Specifically, Cramer suggested that the 49 picks were well positioned should a general stock downturn happen, which did. So he did screw up if the idea was to protect investors from losses.
On the other hand, it’s only a mistake if you sell and take the loss, and Cramer didn’t pick awful stocks, just stocks that were challenged in the short term.
So what should a prudent retirement investor do differently, if anything? Let’s go step-by-step here.
First of all, never market time. That’s a common problem even among people who think they’re investing for decades to come. They think they know something about the future when, objectively speaking, nobody knows anything about the future.
You won’t pick the right moment to get in or out of a stock. If you buy a stock and it falls in value, the logical (if difficult) move is to buy more. After 15 or 20 years you won’t remember or care at what price point you entered.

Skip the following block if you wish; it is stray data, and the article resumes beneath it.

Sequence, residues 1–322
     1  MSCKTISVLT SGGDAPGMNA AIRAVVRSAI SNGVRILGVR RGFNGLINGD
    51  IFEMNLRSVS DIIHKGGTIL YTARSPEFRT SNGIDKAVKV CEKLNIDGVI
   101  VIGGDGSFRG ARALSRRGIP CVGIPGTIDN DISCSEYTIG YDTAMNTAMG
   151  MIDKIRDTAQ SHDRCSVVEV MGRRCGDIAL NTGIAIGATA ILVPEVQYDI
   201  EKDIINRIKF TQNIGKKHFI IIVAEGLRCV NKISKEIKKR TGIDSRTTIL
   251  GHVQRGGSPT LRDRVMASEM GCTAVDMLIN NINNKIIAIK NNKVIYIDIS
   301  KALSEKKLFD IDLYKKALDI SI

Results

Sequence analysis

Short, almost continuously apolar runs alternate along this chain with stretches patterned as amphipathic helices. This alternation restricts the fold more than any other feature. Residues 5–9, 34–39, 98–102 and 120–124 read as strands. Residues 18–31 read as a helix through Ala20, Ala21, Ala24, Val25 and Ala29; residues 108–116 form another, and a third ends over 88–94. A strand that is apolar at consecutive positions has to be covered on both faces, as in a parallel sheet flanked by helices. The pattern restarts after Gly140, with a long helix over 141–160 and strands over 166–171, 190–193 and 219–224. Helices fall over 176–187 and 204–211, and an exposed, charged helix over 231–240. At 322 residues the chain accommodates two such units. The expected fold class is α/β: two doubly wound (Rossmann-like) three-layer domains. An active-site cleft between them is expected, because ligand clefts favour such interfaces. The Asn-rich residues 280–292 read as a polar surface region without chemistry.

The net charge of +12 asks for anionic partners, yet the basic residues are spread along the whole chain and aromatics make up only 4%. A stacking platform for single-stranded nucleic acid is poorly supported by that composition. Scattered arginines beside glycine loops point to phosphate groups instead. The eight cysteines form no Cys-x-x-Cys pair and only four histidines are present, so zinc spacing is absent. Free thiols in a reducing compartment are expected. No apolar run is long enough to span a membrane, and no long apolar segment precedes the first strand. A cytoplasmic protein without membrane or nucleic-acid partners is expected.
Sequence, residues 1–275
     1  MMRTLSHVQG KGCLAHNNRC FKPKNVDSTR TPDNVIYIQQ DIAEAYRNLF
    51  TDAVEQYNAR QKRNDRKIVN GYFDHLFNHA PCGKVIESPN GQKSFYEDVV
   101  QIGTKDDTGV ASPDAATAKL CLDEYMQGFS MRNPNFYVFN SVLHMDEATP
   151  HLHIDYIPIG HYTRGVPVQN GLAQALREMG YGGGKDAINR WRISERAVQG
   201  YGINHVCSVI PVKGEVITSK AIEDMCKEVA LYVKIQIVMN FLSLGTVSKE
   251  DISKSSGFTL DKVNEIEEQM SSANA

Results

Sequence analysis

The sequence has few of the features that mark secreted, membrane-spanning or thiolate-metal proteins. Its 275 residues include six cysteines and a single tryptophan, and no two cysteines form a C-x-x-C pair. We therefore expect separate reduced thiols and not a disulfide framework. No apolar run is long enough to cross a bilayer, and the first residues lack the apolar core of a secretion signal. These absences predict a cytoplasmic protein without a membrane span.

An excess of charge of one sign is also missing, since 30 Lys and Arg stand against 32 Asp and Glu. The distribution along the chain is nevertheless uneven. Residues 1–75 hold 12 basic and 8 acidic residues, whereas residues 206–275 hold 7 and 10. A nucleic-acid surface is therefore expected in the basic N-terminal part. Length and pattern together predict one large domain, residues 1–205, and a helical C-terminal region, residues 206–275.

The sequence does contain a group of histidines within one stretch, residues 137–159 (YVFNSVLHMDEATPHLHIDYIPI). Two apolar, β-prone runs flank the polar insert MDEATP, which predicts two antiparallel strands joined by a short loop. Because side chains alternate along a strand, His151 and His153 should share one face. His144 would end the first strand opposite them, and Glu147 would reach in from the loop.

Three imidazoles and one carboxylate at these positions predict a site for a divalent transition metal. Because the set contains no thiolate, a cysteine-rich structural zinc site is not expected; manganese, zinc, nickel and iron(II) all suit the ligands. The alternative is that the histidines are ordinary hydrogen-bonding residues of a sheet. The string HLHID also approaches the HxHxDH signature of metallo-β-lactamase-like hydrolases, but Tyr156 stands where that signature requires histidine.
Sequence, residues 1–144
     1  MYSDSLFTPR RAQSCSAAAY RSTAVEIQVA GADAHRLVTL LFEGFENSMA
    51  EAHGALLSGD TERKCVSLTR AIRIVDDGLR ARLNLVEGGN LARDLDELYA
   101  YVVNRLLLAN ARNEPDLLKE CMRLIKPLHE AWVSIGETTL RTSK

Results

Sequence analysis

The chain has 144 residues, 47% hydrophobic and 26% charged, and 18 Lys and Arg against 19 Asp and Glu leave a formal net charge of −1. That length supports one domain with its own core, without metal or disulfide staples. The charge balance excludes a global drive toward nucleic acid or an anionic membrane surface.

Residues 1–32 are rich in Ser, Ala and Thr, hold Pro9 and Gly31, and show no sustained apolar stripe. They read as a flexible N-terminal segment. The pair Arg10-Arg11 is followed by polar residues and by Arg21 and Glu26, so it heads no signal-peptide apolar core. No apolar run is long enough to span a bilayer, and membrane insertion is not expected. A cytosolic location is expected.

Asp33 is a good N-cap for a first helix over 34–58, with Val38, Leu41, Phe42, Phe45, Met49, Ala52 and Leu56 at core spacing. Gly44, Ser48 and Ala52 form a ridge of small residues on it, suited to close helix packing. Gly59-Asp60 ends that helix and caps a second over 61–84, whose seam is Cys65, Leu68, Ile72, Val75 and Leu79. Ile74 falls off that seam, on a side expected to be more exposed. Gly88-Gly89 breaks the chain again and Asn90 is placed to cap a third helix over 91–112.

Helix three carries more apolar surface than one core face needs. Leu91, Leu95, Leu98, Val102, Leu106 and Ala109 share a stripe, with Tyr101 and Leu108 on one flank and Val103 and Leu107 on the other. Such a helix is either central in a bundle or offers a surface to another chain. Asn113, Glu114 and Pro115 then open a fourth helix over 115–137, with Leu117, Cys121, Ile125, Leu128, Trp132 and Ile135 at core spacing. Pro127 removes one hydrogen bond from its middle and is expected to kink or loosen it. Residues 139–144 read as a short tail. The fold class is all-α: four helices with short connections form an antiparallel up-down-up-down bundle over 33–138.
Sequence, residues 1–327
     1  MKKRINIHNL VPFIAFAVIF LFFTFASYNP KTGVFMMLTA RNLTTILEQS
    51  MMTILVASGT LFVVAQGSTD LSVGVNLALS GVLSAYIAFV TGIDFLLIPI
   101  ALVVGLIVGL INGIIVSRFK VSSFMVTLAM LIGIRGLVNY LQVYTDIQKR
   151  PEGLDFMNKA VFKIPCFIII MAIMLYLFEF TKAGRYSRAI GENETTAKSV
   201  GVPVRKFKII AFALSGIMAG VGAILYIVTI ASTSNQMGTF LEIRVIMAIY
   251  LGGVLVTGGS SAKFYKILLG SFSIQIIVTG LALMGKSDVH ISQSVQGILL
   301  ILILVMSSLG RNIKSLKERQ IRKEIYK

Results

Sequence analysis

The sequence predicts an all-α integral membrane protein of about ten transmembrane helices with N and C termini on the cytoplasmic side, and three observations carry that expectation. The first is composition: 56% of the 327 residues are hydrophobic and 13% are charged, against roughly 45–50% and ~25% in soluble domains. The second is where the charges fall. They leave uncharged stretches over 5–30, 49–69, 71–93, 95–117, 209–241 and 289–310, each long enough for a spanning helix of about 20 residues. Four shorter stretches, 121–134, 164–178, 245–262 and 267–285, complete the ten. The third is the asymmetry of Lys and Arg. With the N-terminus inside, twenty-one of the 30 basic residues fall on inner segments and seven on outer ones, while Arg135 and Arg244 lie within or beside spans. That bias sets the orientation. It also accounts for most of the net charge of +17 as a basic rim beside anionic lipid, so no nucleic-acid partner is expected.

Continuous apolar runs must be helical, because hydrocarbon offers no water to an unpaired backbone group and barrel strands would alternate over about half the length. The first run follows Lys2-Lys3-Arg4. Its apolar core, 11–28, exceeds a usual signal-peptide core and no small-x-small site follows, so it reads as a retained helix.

Second, buy stock markets, not stocks. You need exposure to large-cap and small-cap stocks in very broad numbers — hundreds and even thousands of individual companies, not dozens. Index funds achieve this very cheaply.
Thirdly, measure your returns in five-year increments at a minimum. You’ll find that the stock market will bring you a return of about 6.6% over long periods of time, if you reinvest the dividends. That’s what the research shows.
You might think, well, I can beat that! No, you can’t. Bonds return less, with interest reinvested, commodities still less and cash is subject to inflation.
You can, however, build a portfolio of all of these assets and rebalance them periodically. That can add a percentage point or more to your overall return, if you stick to a strategy year in and year out and keep costs low.
Done correctly, your retirement portfolio will double in value roughly every 10 years. That’s the approach of pension plans and college endowments, and it works — no stock picking necessary.